Opening with a polyphonic troubadour installation, set-up as a dishevelled houseparty you are quickly transported into the mind of Ragnar Kjartansson.

There are recurring themes, primarily of repetition itself. The show touches on aspects of performance, of love, of intimacy and examines time and creativity. It’s an expansive and quite brilliant show – highly recommended.

Find out more on The Barbican website.

Ragnar Kjartansson: image c/o @thisisjukebox
Ragnar Kjartansson: image c/o @thisisjukebox
Ragnar Kjartansson: image c/o @thisisjukebox
Ragnar Kjartansson: image c/o @thisisjukebox
Ragnar Kjartansson: image c/o @thisisjukebox
Ragnar Kjartansson: image c/o @thisisjukebox
Ragnar Kjartansson: image c/o @thisisjukebox
Ragnar Kjartansson: image c/o @thisisjukebox

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Our Neighbourhood: the Forest Gate Arts Trail 2016

Forest Gate has got to be one of East London’s most creative neighbourhoods – so it was great to receive an email about this year’s Arts Trail.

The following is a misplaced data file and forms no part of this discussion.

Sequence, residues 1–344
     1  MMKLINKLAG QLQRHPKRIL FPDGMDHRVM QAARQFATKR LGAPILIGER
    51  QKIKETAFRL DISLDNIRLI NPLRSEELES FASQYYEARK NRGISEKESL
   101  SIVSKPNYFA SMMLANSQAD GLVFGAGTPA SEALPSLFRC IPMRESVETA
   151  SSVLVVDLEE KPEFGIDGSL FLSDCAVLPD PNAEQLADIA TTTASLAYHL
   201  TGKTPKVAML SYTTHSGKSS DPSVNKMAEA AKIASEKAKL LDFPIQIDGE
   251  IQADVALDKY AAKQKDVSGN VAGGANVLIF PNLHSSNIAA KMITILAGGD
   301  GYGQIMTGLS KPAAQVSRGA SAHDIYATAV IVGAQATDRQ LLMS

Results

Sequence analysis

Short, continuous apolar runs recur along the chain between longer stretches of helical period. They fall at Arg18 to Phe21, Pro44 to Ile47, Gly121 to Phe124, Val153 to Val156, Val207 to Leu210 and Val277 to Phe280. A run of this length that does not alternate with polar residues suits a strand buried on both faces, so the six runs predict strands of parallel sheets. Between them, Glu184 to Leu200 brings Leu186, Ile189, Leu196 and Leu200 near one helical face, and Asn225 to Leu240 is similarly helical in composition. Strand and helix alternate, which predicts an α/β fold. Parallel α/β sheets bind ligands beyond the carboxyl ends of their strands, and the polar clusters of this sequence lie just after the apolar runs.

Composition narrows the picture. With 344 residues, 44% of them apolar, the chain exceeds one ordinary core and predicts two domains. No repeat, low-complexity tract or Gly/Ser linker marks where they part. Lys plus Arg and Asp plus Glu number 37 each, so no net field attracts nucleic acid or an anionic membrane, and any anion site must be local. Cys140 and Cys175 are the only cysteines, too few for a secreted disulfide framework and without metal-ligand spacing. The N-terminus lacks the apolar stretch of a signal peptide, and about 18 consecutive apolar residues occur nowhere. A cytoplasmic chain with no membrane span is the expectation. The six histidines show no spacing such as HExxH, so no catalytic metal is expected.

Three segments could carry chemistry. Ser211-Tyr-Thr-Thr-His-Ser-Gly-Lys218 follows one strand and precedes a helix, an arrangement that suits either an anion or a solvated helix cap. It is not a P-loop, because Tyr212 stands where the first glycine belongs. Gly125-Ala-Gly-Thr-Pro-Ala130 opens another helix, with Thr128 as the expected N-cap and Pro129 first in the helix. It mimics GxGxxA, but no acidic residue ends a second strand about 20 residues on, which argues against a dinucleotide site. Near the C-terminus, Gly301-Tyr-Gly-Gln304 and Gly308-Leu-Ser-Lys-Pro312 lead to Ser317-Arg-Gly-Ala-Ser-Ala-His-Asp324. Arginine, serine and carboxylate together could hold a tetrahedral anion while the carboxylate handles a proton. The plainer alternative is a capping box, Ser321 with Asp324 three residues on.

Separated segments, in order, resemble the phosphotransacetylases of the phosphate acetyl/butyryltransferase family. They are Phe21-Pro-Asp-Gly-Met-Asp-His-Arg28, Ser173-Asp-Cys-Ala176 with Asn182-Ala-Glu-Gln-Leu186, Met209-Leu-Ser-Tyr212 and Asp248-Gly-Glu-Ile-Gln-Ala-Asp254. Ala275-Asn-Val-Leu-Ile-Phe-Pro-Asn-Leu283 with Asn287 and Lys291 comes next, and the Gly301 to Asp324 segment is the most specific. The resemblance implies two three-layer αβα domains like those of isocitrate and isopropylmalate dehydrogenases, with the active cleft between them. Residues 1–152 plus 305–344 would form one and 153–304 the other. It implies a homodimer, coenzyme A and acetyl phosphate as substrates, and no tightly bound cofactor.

The event is a brilliant showcase of local talent, for both established and emerging artists across various creative disciplines. The Forest Gate Arts Trail (FGAT) aims to raise the profile of the Arts around E7, inspiring creativity and engagement across the community.

As part of this year’s FGAT expect to see exhibitions, performances, open houses and workshops.  A selection of the best artists are below, and there’s still chance to get in touch and get involved – see the latest on the Forest Gate Arts Trail website here.

(c) Kelly Drake
(c) Kelly Drake
(c) Elhaam Sahebdin
(c) Elhaam Sahebdin
(c) Aaron Jacob Jones
(c) Aaron Jacob Jones
(c) Leigh Harris
(c) Leigh Harris

And a map of this year’s trail is below. We LOVE Forest Gate – really looking forward to this!     

 

Our Neighbourhood: in praise of the Leytonstone Arts Trail

Was brilliant to attend the Leytonstone  Arts Trail this year – we spent a few days exploring wonderful exhibitions in some of the area’s most creative neighbourhood locations.

It featured the work of more than 150 artists, with exhibitions, open studios and community events around Leytonstone.

The team there are doing a fantastic job at building a new community of really creative and artistic people. Worth checking out the trail’s website to see what’s going on.

image c/o Leytonstone Arts Trail: ©Martine Charalambou
image c/o Leytonstone Arts Trail: ©Martine Charalambou
image c/o Leytonstone Arts Trail: ©Sue Mcqueen
image c/o Leytonstone Arts Trail: ©Sue Mcqueen